University of Iowa Hospitals and Clinics oncologist uses liquid biopsy to detect leftover cancer in patients

Medical Oncologist Pashtoon Kasi is working with other researchers in the UI community to improve cancer-patient care and reduce the need for invasive procedures.

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Tate Hildyard

University of Iowa Hospitals and Clinics are seen on Tuesday, June 23, 2020.

Lillian Poulsen, News Reporter


University of Iowa Hospitals and Clinics Medical Oncologist Pashtoon Kasi is working with other researchers on campus and around the world to develop liquid biopsy and DNA tests that will detect leftover cancer cells in patients.

The Signatera liquid biopsy test is a non-invasive procedure that allows doctors to learn information about a patient’s cancer through a blood sample, Kasi said. This test was created by Natera, a company with a research focus on non-invasive procedures, particularly in pregnant women.

The assay — a research method that measures the amount of cancer in a patient’s DNA — is a two-step process, Kasi said. First, doctors send a sample of cancer cells that were taken out of a patient’s body. Then, they create an individualized test for the patient. Doctors look at mutations within the cancer cells and compare it to the blood sample they collected from the patient after their treatment.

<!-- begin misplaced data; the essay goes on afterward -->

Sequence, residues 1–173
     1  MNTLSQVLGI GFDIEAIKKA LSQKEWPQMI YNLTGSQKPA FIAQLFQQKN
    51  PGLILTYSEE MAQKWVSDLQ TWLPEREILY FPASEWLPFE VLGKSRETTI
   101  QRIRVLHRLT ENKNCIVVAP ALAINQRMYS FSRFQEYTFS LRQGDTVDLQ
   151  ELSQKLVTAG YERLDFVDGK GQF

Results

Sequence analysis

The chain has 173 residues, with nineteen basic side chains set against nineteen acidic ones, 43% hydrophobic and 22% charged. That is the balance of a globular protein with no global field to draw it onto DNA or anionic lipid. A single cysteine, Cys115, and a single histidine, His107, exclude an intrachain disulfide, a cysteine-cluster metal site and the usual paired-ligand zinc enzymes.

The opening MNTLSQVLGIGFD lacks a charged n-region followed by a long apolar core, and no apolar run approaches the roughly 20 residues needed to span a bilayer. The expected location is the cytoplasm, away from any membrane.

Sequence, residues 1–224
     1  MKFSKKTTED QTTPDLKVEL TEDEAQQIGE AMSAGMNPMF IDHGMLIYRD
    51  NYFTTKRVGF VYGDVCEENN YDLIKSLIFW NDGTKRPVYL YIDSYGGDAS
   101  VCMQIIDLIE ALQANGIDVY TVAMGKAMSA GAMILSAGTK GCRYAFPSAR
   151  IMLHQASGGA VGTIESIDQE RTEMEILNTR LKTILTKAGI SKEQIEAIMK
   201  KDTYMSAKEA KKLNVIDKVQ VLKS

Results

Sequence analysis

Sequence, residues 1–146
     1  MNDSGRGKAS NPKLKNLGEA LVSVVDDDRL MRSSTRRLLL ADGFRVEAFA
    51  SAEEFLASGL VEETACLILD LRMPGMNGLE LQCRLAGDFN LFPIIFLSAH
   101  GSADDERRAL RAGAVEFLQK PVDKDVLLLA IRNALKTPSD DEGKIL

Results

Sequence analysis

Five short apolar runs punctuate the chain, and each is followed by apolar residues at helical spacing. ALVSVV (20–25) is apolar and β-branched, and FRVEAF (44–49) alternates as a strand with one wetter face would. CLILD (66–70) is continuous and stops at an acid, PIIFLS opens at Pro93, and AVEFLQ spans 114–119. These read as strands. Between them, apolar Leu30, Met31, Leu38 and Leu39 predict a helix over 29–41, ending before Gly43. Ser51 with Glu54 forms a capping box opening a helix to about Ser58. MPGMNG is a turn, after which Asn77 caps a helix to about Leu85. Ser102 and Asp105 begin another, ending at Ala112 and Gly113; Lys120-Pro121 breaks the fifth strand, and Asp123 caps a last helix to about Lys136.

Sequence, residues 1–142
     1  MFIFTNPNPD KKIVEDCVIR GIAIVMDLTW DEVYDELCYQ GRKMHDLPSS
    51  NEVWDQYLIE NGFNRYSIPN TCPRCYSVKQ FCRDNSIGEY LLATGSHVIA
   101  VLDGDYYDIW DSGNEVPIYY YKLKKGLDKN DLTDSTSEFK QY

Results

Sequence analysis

As COVID-19 continues to spread, the liquid biopsy test helps cancer patients by reducing the amount of times they will need to go to the hospital for testing, Kasi said.

“Cancer patients are up to three times more at risk of complications, as well as dying, from COVID,” Kasi said. “We’ve been trying to judicially minimize the number of trips anybody would have to come to the cancer center or come to the hospital.”

Compared to other methods of cancer detection, the liquid biopsy method is much quicker, said UIHC Medical Oncologist Yousef Zakharia.

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Instead of waiting months for results, Kasi said the liquid biopsy allows doctors to get results within seven to 10 days.

UI College of Pharmacy Bighley Chair Aliasger Salem said therapies and interventions are more effective when the cancer is discovered early on. Without having to do an invasive tumor biopsy, doctors can improve patient care.

“One of the advantages of being able to take multiple samples of blood at a time is that you can understand how the tumor is progressing, and you can also identify whether the tumor’s characteristics are changing over time,” Salem said. “You can tailor the therapy to the particular characteristics of that tumor.”

Kasi said he got involved with this research because he wanted to figure out ways to improve patient care after a cancer diagnosis.

“A lot of times we are unable to see the tumor cells on the scans, because those lesions are not big enough or they are still in a few cells floating around that we are unable to see,” Zakharia said. “If we have a tool like a liquid biopsy, we are able to see from a blood test that they do have residual tumor cells in their system that we are unable to see on their scans because they are too small

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Although testing is still in the early stages, Zakharia said it has the potential to save lives. Zakharia said he is grateful to be at the UI, where researchers continue to change the cancer field and improve the lives of patients.

“We have a lot of clinical trials and new diagnostic tests that we are offering,” Zakharia said. “I’m very happy to be at the university at the front line, fighting cancer with my colleagues.”

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